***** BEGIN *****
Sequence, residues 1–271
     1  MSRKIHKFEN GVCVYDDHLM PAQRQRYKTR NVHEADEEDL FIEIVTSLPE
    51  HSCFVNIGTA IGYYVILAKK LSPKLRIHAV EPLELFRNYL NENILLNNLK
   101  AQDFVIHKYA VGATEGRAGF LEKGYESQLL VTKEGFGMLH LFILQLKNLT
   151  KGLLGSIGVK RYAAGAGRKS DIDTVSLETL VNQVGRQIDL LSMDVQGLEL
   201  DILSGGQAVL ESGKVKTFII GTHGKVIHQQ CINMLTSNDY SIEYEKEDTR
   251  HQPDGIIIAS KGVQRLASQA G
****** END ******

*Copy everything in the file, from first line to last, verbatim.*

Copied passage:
Sequence, residues 1–271
     1  MSRKIHKFEN GVCVYDDHLM PAQRQRYKTR NVHEADEEDL FIEIVTSLPE
    51  HSCFVNIGTA IGYYVILAKK LSPKLRIHAV EPLELFRNYL NENILLNNLK
   101  AQDFVIHKYA VGATEGRAGF LEKGYESQLL VTKEGFGMLH LFILQLKNLT
   151  KGLLGSIGVK RYAAGAGRKS DIDTVSLETL VNQVGRQIDL LSMDVQGLEL
   201  DILSGGQAVL ESGKVKTFII GTHGKVIHQQ CINMLTSNDY SIEYEKEDTR
   251  HQPDGIIIAS KGVQRLASQA G